Appeal to the Great Spirit
The statue, owned by the City of Muncie, is a memorial to Edmund B. Ball. After his death in 1925, his family searched for a suitable memorial to him. They settled on a replica of the “Appeal to the Great Spirit” cast in bronze, and erected on a site just east of the Ball family homes on the north side of the White River in Muncie. The original sculpture was created by Cyrus Dallin in 1909 and is a Plains Indian. The statue and surrounding park were dedicated in 1929.
The statue does not depict Chief Munsee. There is no indication that there ever was a chief named Munsee. In addition, the statue depicts a Plains Indian. The Indians who lived in or near Muncie were Woodland Indians.
Read the blog hosted by Minnetrista, written by Karen Vincent (Director of Collections) “There Wasn’t a Chief Munsee. Really, There Wasn’t”.
Created by artist Tuck Langland commissioned by John Surovek to honor Alice Nichols, a former chair of the university’s art department. “She was as much a friend to me as she was a mentor. I can’t imagine how many other people she helped in the way she helped me.” Ball State University alumnus John Surovek.
Painted by Brian Blair for the Muncie Animal Rescue Fund.
This 8 1/2 foot tall bronze sculpture was created in 2006 by Delaware County artist Kenneth G. Ryden. the sculpture features a young girl and boy standing on a stump with tree sprouts emerging from their hands. The sprouting tree symbolizes the awakening potential that lies within a young person. Kenneth G. Ryden is a professional sculptor who has created many public monuments for institutions and municipalities as well as custom bronzes for private collections. He maintains a studio at his Yorktown residence.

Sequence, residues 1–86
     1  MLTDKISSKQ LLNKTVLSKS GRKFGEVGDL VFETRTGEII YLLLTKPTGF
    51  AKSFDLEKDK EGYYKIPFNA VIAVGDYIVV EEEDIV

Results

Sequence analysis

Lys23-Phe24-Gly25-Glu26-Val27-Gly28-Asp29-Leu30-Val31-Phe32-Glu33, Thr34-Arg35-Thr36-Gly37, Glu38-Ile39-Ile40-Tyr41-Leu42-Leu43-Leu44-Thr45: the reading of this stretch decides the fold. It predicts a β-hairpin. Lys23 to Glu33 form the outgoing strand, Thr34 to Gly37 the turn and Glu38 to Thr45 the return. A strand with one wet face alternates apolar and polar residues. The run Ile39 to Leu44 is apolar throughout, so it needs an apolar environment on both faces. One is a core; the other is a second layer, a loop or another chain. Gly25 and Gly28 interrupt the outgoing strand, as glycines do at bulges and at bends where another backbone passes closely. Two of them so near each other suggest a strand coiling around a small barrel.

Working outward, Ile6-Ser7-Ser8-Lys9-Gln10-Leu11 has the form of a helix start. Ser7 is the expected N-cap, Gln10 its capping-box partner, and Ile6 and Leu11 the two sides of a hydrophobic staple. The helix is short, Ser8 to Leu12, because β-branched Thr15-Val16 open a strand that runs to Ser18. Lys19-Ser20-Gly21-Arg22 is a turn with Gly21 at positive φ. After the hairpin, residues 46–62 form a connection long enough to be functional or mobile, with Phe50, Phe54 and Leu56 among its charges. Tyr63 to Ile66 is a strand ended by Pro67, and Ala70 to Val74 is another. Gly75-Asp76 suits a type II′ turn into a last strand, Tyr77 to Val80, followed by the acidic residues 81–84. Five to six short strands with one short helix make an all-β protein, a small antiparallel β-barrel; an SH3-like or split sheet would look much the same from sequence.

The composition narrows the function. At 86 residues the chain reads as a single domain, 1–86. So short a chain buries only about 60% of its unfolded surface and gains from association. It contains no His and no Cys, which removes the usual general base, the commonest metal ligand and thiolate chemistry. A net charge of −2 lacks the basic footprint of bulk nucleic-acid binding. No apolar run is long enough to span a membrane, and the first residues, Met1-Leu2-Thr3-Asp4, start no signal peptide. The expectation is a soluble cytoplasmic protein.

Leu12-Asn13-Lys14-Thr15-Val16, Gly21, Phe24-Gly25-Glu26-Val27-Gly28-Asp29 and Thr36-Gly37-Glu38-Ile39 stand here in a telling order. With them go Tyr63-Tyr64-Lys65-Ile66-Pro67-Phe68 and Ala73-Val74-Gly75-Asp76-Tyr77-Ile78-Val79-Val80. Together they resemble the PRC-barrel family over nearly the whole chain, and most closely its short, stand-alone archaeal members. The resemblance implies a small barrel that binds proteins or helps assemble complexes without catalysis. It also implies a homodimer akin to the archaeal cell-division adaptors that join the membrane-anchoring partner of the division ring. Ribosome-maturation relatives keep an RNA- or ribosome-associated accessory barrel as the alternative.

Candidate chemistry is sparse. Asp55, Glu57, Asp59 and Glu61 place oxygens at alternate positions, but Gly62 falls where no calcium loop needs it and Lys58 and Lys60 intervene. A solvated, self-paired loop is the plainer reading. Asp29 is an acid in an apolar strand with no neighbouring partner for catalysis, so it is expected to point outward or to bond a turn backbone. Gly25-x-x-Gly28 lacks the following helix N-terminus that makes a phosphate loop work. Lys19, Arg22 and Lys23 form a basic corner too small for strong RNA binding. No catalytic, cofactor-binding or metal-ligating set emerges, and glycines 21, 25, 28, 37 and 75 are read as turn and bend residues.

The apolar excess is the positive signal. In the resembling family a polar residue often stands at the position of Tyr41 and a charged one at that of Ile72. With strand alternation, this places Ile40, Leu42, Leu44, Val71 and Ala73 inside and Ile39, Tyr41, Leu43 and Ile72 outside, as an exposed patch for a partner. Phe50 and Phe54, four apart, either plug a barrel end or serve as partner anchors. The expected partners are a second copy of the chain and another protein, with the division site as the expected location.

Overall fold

In its almost sixty years on campus, this bronze statue has become the symbol of Ball State University. It was the last commissioned work of renowned sculptor of his time Daniel Chester French (American 1850-1931), best known as the sculptor of the Abraham Lincoln statue in the Lincoln Memorial in Washington, D.C. The settings and columns for Beneficence were designed by prominent East Coast architect Richard Henry Dana.
The statue was commissioned by the Muncie Chamber of Commerce as a public monument to the generosity of the Ball brothers, each of whom is represented by one of the five Corinthian columns. The bronze statue was completed in 1930 and installed in 1937.
This sculpture, “Bronze Baby,” was originally on the site of the Frank C. Ball home. Margaret Ball Petty, daughter of Frank C. Ball, later owned the statue. It was created by Brenda Putnam in 1916. The sculpture is currently displayed, during warm weather, in the pool of the Children’s Garden at Minnetrista.
Catalyst was commissioned for Minnetrista by Virginia B. Ball to honor her husband, Edmund F. Ball. The design represents partnership, giving and stewardship which were important ideals of Mr. Ball. It was also intended to represent a century of giving by the Ball family, their stewardship of the land, and Minnetrista as a catalyst in the community. The sculpture was dedicated in June 2004. The artist is Beverly Stucker Precious of Indianapolis.
The completed sculpture is comprised of 32,000 pounds of limestone, 17,000 pounds of stainless steel and 2,000 pounds of dichroic and plate glass. Forty-four hundred hours went into the fabrication of steel for Catalyst, which is 26 feet in diameter.
Photo courtesy of Judy Austin.
The Colonnade Columns are the focal point of the Colonnade Garden at Oakhurst. The Colonnade Garden was constructed in 1993 and 1994. These columns originally graced the porte-cochere (to the right of the front portico) and the small porch to the left of the front portico of the Frank C. Ball home, Minnetrista. The house was destroyed by fire in 1967.
The wrought iron Colonnade Gates were commissioned by William and Agnes Ball for their Westwood home. The Colonnade Gates are located near the end of the Colonnade Garden at Oakhurst. The Colonnade Garden was constructed in 1993 and 1994. The gates were designed and fabricated by Polish-born iron master Samuel Yellin.
The three statues are from the Courthouse which stood at 100 W. Main St. which was built in 1885 and razed in 1966. The Indian or Indian and His Dog and the two women Agriculture and Industry were carved on the Courthouse Square under a tent while the courthouse was being built. The three statues were kept safe by the Delaware County Historical Society at the farm of Mr. and Mrs. Robert W. Stradling when the courthouse was razed in 1966. The three statues were later moved to the corner of Main and Walnut downtown.